He has also appeared in the 1985 television movie adaptation of Finnegan Begin Again and the 1998 motion picture American History X. He also played the role of Paris in the 1998 film The Big Hit.

In animation, he supplied the voice of King Maximus in Happily Ever After: Fairy Tales for Every Child as well as Nokkar in an episode of Disney's Gargoyles.

In 2001, he was the voice-over and appeared in a series of IBM commercials for its Software business unit asking provocative questions about a company's readiness to embrace the e-business revolution.[5]

Other work

Teaching and cultural work

Brooks has been a tenured professor of theatre at the Mason Gross School of the Arts of Rutgers University for more than three decades. He has also taught at Oberlin College and Case Western Reserve University.

From 1993 to 1996, Brooks was Artistic Director for the National Black Arts Festival in association with Rutgers University. Held biannually since 1988 in Atlanta, Georgia, the internationally renowned festival celebrates African-American culture and people of African descent. He was also inducted into the Rutgers University Hall of Distinguished Alumni in 1993. In addition, Brooks has done extensive work with the Smithsonian Institution's Program in Black American Culture.


A deep baritone singer, Brooks has performed on stage with Butch Morris, Lester Bowie, and Jon Hendricks. He also recorded an album with saxophone player James Spaulding as a tribute to Duke Ellington. Brooks had the lead role in the 1985 Anthony Davis opera X: The Life and Times of Malcolm X. Also, he performed at the Paris Banlieues Bleues Festival in 2005.


Brooks received critical acclaim in Phillip Hayes Dean's play Paul Robeson. Brooks paid tribute to his culture by portraying the life of the famous singer, actor, and civil rights activist in a one-man, critically-acclaimed biographical drama. He has performed the role since 1982 at the Westwood Playhouse in Los Angeles, and also at the Kennedy Center in Washington, D.C. and the Longacre Theater on Broadway. He also portrayed Robeson in "Are You Now Or Have You Ever Been?," both on and off-Broadway.

Brooks' early theater credits include The Offering, A PHOTOGRAPH: A Study of Cruelty, and Are You Now or Have You Ever Been in the 1970s. He first started to gain recognition after his appearance in Spell #7 at the Public/Anspache Theater in New York City in 1979. He subsequently starred in Othello at the Folger Shakespeare Festival (1985) and Fences at the Repertory Theater of St. Louis, Missouri (1990). He reprised the role of Othello at the Washington Shakespeare Theater in 1990-1991.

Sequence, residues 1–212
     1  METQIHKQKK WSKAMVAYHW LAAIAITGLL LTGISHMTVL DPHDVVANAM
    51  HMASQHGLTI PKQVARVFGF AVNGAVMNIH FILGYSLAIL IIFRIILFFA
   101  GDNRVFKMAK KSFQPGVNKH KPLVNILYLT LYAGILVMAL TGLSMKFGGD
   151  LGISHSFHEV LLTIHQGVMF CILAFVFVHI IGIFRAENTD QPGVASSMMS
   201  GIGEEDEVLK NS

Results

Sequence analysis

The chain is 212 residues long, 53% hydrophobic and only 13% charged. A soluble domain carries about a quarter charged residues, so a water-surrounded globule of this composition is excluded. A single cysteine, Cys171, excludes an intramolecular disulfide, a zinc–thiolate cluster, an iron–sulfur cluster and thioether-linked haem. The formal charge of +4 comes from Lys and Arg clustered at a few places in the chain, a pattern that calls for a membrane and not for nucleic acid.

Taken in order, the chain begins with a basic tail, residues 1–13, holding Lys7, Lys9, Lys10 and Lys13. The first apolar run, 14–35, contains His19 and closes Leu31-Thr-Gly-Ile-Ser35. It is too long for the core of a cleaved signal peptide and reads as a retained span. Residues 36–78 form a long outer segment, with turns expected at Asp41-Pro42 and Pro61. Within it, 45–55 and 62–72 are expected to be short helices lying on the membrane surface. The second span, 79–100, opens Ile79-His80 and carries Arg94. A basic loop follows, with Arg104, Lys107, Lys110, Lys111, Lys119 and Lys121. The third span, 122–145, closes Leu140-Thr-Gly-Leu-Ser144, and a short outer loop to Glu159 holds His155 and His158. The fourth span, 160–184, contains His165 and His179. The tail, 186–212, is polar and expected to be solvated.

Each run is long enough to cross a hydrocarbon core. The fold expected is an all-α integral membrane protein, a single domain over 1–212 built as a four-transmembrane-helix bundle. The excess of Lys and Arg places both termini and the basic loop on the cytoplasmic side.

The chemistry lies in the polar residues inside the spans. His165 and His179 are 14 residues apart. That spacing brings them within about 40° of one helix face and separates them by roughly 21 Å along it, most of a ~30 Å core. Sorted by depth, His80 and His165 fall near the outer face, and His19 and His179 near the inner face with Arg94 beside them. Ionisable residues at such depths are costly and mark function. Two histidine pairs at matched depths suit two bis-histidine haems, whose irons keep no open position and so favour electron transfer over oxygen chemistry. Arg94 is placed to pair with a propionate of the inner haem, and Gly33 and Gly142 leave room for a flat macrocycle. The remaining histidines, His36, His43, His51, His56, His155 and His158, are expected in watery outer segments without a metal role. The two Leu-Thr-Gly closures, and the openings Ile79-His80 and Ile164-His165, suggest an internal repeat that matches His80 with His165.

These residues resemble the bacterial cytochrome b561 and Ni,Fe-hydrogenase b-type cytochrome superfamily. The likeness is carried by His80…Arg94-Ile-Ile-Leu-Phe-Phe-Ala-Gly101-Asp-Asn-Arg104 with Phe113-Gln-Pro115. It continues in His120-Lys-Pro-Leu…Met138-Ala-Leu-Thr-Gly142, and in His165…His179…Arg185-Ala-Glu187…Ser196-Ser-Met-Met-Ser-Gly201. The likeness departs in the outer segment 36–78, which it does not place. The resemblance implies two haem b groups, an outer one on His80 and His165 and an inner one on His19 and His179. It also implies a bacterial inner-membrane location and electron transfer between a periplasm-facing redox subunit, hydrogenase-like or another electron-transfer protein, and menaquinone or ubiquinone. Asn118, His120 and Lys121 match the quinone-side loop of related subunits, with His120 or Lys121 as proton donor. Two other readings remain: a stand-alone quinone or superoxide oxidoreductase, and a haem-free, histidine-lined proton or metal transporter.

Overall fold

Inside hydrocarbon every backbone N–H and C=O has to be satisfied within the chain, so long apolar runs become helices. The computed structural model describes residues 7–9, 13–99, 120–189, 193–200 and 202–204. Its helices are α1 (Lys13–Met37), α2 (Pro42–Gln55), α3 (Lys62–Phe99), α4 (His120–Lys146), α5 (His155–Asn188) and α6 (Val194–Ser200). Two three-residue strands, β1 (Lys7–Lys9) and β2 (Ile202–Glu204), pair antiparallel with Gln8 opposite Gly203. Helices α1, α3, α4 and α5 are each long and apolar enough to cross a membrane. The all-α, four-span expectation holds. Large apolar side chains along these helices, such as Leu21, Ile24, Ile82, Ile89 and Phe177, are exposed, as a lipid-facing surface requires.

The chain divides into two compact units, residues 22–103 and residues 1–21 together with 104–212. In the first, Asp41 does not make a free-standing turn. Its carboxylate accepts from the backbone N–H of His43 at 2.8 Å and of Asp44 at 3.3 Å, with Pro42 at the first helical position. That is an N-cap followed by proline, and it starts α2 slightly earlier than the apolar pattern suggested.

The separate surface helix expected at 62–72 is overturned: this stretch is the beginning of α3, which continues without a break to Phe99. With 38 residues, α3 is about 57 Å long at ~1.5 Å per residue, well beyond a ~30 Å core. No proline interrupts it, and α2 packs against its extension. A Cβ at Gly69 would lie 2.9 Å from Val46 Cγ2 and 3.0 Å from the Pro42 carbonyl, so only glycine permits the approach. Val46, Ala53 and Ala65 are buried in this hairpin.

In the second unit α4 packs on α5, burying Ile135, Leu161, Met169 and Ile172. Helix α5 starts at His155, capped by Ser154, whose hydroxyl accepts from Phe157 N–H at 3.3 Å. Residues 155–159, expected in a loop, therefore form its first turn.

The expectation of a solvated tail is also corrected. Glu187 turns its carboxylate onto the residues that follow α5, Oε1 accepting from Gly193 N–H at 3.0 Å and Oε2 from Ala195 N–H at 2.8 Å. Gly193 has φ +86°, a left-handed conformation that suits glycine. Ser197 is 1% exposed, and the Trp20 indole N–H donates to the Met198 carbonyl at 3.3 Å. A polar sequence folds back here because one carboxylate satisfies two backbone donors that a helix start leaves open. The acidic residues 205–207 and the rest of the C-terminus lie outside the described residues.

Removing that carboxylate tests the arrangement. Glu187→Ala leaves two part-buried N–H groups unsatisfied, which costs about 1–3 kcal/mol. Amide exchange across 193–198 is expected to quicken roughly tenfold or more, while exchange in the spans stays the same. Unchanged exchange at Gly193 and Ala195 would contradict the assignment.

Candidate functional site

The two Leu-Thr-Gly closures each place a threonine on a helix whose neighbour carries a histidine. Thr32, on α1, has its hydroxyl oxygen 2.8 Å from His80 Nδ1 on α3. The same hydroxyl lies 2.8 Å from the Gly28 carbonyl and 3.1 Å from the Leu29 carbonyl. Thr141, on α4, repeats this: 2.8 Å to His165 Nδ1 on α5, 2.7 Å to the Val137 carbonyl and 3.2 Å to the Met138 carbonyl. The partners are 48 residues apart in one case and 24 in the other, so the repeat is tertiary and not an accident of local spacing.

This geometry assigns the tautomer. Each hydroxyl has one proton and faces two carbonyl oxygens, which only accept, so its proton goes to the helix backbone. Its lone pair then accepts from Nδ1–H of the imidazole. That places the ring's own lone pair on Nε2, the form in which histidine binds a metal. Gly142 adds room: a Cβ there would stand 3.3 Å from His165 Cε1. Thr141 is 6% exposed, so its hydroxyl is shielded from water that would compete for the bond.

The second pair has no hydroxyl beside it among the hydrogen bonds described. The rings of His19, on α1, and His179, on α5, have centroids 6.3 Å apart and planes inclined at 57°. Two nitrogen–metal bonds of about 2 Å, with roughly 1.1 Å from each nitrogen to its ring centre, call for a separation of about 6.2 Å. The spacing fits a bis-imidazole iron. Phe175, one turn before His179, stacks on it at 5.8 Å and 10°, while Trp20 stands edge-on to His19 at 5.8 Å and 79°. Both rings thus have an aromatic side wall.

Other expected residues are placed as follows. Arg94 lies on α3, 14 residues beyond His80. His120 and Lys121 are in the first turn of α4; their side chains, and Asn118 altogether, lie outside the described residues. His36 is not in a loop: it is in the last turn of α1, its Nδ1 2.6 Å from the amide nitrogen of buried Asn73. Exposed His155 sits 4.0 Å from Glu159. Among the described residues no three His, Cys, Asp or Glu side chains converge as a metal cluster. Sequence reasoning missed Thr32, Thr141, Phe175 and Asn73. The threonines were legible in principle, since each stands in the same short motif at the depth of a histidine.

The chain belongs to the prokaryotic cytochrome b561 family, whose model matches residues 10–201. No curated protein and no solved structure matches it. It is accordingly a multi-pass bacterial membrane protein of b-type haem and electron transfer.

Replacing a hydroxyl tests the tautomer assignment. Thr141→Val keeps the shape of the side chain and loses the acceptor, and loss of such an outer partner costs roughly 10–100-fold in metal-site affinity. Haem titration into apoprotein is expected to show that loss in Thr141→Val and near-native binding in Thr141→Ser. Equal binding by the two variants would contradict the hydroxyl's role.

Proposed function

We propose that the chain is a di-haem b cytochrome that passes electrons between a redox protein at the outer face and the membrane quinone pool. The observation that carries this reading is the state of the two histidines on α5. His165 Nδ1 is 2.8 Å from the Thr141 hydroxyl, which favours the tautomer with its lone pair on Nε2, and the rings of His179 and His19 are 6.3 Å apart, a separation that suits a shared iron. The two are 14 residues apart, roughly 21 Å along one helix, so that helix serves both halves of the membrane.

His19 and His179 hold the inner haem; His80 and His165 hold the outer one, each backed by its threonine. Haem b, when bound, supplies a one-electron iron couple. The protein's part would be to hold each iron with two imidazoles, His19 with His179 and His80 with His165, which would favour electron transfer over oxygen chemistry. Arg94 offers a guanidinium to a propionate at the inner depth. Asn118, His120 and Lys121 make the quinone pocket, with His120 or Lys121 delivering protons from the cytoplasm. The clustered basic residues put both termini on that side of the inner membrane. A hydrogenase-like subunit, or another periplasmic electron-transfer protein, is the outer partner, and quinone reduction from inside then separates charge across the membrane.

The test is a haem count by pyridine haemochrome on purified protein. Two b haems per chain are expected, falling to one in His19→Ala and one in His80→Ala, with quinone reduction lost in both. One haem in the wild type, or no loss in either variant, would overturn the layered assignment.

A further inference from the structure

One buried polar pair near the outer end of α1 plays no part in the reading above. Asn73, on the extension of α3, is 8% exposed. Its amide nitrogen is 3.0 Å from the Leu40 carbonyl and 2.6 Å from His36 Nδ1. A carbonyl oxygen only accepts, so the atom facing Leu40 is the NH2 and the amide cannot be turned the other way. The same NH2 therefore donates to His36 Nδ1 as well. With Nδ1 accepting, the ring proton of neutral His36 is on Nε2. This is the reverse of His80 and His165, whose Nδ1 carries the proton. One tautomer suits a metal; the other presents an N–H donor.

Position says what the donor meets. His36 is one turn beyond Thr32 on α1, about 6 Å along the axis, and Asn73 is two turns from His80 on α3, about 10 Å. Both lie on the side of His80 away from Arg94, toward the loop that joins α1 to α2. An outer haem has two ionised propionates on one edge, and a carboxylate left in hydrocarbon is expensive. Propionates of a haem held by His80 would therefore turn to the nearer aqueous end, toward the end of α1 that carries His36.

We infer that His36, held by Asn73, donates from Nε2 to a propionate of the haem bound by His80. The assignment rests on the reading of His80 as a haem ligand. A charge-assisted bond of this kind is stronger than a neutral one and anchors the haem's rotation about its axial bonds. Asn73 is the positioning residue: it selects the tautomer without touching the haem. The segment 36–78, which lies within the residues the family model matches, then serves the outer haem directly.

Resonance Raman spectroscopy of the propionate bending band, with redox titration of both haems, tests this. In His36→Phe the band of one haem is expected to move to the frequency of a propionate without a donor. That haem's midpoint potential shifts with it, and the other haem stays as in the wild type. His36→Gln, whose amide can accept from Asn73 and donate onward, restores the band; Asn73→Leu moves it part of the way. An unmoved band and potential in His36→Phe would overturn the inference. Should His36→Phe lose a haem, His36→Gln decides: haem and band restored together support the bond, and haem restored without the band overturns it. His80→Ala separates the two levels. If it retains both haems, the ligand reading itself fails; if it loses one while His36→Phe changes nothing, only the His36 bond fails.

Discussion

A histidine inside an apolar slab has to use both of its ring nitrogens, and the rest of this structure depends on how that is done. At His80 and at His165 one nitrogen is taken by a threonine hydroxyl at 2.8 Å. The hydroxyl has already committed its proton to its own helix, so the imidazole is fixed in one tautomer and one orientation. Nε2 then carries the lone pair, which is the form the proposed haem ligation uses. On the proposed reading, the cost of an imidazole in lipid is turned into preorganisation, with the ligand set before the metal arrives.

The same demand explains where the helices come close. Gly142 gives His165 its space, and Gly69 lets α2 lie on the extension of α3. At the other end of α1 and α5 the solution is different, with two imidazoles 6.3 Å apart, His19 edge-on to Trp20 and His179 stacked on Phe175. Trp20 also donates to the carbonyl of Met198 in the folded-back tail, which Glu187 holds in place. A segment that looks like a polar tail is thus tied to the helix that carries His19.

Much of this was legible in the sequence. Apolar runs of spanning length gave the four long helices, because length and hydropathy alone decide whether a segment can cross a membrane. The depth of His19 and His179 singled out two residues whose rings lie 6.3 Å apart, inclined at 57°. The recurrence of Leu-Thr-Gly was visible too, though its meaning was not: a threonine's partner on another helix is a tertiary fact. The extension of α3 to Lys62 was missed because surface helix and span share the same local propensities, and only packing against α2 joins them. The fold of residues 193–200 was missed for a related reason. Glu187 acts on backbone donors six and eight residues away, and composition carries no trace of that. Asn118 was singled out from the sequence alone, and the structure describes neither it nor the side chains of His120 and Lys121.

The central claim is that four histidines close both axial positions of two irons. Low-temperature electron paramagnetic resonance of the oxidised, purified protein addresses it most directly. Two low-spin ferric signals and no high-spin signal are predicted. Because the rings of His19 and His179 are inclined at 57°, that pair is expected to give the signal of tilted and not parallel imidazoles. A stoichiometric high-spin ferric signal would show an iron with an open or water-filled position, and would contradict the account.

Brooks appeared in the title role of The Oedipus Plays, a production that traveled to the 2003 Athens Festival in Greece. He also appeared in the title role of King Lear at Yale's Repertory Theatre. In 2005, Brooks again starred as Othello, this time at the Shakespeare Theatre Company in a production directed by the renowned Michael Kahn. Brooks was one of 15 Shakespeare Theatre Company company actors in Washington to be honored with the William Shakespeare Award for Classical Theatre in 2007.[6] He returned to the Shakespeare Theatre Company in Fall 2007 to play the title role in Christopher Marlowe's Tamburlaine.

In 2008, Brooks returned to Oberlin College to play the lead in a mixed-race production of Arthur Miller's Death of a Salesman.[7]


Brooks played Dr. Bob Sweeney in American History X.

Documentary work

Brooks has also hosted several documentaries and served as narrator in such features as the IMAX film Africa's Elephant Kingdom. His other documentary credits include narrating A Passion for Faith (the history of black Catholics in America), Eyes on the Prize (dedicated to legendary singer Marian Anderson), Walking with Dinosaurs, Jesus: The Complete Story, Land of the Mammoth: Ancient Evidence, The Ballad of Big Al, The Science of Big Al, Engineering the Impossible (The Colosseum), Greatest Places and Echoes from the White House,'God vs. Satan' and "Jewels of the Rift" (about the life cycles of African cichlid fish in Lake Tanganyika).